he had been stoically annoyed over the pathetic condition of our people. But on his trip to South India his anger and frustration became more pronounced  and the sight of poor peasants in the rural areas toiling in the fields in their loin clothes and their struggle for food and  decent livelihood had a deep impact on his  mind. The three Round Table Conferences of 1930–32 were a series of peace conferences in London  organized by the British Government and the main participant was the Indian national congress to discuss constitutional reforms in India. They started in November 1930 and ended in December 1932. Gandhiji attended the second Round table conference (September -December 1931) being the sole representative of Indian National Congress.  It was a wonderful chance for him to speak mind and tell the British audience/public under what conditions Indian natives were living under the oppressive British rule. The adoption of a dhoti and a shawl in the place of an elaborate Gujarati attire is a symbolic external manifestation of an internal revolution. M P Gurusamy, secretary, Gandhi Museum told 'The Hindu',

 Gandhiji early images. Wikimedia Commons(L); Hardeep Singh Puri/Facebook (R)

''The dress of liberty turned into the Mahatma’s identity.
II round table conference, London 1931, Gandhiji.

Churchill on

Gandhi Museum, Madurai, TN Wikipedia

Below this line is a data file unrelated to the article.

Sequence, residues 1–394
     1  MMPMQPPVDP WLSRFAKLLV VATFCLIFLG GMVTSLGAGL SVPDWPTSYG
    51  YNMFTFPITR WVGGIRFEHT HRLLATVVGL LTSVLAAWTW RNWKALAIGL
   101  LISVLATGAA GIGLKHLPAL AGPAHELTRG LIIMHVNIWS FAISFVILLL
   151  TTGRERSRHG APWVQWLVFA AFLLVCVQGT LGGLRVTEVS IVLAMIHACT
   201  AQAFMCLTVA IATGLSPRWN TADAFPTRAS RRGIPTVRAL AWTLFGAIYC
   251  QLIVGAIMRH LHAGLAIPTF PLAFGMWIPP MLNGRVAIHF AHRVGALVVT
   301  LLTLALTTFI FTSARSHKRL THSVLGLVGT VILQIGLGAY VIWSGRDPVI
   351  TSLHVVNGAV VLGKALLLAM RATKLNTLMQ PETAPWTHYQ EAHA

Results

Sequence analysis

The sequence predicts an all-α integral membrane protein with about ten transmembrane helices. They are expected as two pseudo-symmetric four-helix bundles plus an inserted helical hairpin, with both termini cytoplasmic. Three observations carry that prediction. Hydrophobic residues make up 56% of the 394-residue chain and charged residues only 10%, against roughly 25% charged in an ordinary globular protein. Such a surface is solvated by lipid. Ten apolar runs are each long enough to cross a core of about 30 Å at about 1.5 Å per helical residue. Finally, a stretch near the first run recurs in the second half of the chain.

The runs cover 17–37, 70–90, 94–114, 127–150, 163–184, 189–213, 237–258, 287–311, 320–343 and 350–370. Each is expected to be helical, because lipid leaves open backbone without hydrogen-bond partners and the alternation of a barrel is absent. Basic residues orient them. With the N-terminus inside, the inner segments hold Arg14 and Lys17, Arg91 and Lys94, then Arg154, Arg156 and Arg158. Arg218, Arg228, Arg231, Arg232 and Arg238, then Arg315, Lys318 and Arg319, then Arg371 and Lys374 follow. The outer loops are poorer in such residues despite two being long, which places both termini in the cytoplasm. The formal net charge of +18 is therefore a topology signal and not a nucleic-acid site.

Tomorrow the country will be celebrating  his 149th birth anniversary.  What about the houses in Madurai that hosted him long ago during the colonial period?  Are they in good condition, not withstanding their  age of construction?  Several media reports appeared in the past about the poor conditions of those houses and urged the Central and State governments to repair and restore them. Neither the state government nor the Central government has taken steps to preserve them so far. The congress leaders in Tamil Nadu are busy with their internal squabbles  over the control of  the party in the state and have no time time to save the houses from ruin. The two houses have already disappeared and their places are taken over by modern buildings.  Of the remaining three, two are in bad condition. In 1919, Gandhi came to Madurai for the first time to canvas  support against the Rowlatt Act. He stayed in the house of advocate and trade unionist George Joseph near Kalpalam. The house is gone; the other one at Krishnarayar Teppam  street, the same story continues. A tractor workshop stands in the spot at the above address. However, the house where Gandhiji stayed in 1934 is being  maintained by the descendants of N M R Venkatesan, elder brother of Subburaman who hosted Gandhiji.  The house of Raja of Sivaganga, is on the premises of Sri Meenakshi Government College for Women. The room where Gandhiji stayed houses a small museum. This building is too crumbling due to poor maintenance. Here, the Raja of Sivaganga was Gandhiji's host.